MCEC and Heights Library Host Literacy Workshop | Community


The Military Child Education Coalition, or MCEC, and the Stewart C. Meyer Harker Heights Public Library have teamed up over the past year to offer various workshops to the community. Some of the most popular are the early literacy workshops, which consist of hours of storytelling and crafts for children, combined with reading strategies and information for parents and guardians.

Last Friday, the two teamed up again to offer a new early literacy workshop, this time on Facebook Live and featuring a book and crafts on friendship. Selina Bennett and Leslie Hufstedler-Alvarez from MCEC, in the presence of children’s librarian Erica Rossmiller, were also in attendance.

Bennett opened his doors by telling attendees, “Early literacy is the foundation of reading and comprehension” and that although it is a non-profit organization for children related to l ‘army, “Our information is valuable to everyone. “

Hufstedler-Alvarez opened the storytelling portion of the workshop with the song “Friend of Mine”, sung to the tune of “Mary Had a Little Lamb”. It was pointed out by Bennett, working behind the scenes posting relevant information in the chat box, that singing the song before the story can grab a child’s attention.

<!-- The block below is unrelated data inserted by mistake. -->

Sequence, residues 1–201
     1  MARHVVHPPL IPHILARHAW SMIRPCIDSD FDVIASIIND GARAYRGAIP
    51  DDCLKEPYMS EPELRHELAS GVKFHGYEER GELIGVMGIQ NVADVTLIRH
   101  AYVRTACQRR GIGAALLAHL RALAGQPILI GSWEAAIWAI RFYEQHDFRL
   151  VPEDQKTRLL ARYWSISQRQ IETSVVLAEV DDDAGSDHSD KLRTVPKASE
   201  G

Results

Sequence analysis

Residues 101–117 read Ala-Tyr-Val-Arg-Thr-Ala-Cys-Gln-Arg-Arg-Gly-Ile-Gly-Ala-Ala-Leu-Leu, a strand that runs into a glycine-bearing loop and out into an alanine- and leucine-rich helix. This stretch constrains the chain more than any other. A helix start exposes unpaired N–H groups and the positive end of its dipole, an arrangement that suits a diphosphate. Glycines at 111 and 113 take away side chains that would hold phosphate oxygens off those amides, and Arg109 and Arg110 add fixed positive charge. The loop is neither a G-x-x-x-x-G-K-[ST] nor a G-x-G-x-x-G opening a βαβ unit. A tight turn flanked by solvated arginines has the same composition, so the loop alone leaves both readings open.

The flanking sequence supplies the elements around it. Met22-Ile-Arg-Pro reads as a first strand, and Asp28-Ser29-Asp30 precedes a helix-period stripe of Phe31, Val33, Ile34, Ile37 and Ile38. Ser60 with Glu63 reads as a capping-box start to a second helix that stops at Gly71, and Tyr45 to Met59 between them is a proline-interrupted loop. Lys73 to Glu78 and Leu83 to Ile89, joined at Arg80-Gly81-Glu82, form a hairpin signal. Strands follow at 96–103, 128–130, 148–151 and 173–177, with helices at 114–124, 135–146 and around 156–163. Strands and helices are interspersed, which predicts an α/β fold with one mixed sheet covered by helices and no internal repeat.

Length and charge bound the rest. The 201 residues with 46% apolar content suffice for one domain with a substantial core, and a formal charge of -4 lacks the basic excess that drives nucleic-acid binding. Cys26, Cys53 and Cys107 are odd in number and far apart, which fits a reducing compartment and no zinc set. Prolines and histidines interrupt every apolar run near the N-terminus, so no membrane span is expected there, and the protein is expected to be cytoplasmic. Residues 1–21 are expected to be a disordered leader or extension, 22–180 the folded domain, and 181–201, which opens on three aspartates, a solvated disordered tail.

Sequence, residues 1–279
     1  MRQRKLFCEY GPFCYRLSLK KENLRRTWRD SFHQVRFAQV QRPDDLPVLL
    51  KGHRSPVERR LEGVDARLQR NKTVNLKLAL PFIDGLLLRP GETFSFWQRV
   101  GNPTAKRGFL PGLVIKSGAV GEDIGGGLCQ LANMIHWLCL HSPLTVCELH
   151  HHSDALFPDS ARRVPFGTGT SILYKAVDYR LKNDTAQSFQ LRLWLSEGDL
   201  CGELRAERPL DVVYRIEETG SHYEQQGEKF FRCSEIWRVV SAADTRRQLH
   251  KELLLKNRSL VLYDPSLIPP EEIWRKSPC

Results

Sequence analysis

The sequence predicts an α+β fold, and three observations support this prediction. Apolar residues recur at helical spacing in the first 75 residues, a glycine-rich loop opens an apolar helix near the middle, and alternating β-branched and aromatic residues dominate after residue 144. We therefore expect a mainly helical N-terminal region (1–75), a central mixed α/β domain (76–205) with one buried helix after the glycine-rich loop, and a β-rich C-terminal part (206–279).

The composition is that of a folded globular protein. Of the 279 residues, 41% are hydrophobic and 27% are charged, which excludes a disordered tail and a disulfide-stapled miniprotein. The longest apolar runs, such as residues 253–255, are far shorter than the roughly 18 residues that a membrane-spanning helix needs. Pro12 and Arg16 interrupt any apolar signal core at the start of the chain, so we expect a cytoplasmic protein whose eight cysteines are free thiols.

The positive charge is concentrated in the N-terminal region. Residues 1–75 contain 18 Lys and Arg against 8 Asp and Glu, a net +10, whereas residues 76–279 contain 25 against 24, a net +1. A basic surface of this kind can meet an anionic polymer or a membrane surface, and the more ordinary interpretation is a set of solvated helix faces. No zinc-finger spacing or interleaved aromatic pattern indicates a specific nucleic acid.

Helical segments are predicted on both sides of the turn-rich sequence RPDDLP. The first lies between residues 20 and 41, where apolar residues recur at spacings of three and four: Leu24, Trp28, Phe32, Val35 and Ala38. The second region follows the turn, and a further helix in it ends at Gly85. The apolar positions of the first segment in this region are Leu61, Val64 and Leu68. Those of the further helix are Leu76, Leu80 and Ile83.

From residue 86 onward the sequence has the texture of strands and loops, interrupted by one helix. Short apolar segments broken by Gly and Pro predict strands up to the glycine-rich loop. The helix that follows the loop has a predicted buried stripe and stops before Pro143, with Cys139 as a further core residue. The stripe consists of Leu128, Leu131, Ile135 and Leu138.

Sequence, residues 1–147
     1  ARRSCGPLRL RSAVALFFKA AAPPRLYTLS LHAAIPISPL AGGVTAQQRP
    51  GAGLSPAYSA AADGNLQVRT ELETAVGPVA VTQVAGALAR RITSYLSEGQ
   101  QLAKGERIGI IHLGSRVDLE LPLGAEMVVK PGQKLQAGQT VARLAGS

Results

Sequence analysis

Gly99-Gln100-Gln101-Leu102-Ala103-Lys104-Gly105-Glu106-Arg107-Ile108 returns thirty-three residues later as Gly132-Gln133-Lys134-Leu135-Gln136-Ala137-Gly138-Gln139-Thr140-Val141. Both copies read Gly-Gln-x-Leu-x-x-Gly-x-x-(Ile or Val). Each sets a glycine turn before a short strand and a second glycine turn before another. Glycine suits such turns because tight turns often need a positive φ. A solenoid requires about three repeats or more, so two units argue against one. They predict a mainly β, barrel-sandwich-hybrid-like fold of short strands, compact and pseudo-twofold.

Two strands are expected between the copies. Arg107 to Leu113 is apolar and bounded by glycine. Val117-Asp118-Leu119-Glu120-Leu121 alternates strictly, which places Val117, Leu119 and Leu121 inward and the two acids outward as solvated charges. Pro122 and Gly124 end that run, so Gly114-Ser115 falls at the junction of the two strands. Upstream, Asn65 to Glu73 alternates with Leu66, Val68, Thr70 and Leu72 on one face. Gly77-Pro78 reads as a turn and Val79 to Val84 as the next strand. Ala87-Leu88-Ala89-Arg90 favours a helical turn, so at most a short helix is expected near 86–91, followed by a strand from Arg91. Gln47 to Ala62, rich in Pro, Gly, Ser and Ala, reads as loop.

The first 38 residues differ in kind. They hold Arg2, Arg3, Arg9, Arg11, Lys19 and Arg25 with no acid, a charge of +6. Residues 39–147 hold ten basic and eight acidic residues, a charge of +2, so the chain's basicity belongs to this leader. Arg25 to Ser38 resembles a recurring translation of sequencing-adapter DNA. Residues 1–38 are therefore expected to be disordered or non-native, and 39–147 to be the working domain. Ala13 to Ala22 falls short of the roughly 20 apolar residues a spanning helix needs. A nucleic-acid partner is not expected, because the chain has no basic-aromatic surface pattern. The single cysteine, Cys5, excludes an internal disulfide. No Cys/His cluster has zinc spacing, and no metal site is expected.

Reading strategies were discussed, many of which have been used throughout history. These made predictions, visualization, questioning, connection, identification with the author’s purpose, inference and evaluation.

The featured book was “How to Be a Friend” by Laurie Karsny Brown and Marc Brown. The story puts some of the complexities of friendship in simple terms, reinforced by the conversations depicted in the illustrations, which children can understand. These included how to play fairly, how to defend others and how to catch up after an argument. He also addressed bullies, something that, as Hufstedler-Alvarez pointed out, children, “will have to deal with for the rest of their lives.”

While Hufstedler-Alvarez was reading, she drew attention to the illustrations and asked questions. She also used real-world examples to make connections to the text, and spoke to parents and caregivers throughout her reading, giving them tips and suggestions for making connections for their own children.

“I love this book because you can really make good real-life references on how to be a good friend with people,” she said.

The related activity was a “Rainbow of Cuteness” craft, which involved children cutting out pieces of rainbow, clouds and raindrops, gluing it all together, tie the drops to a string and on each raindrop wring out words of kindness. Hufstedler-Alvarez said the materials needed – construction paper, scissors, glue – were likely things people would have around the house. She also suggested keeping a craft box or cabinet at home to store arts and crafts supplies.


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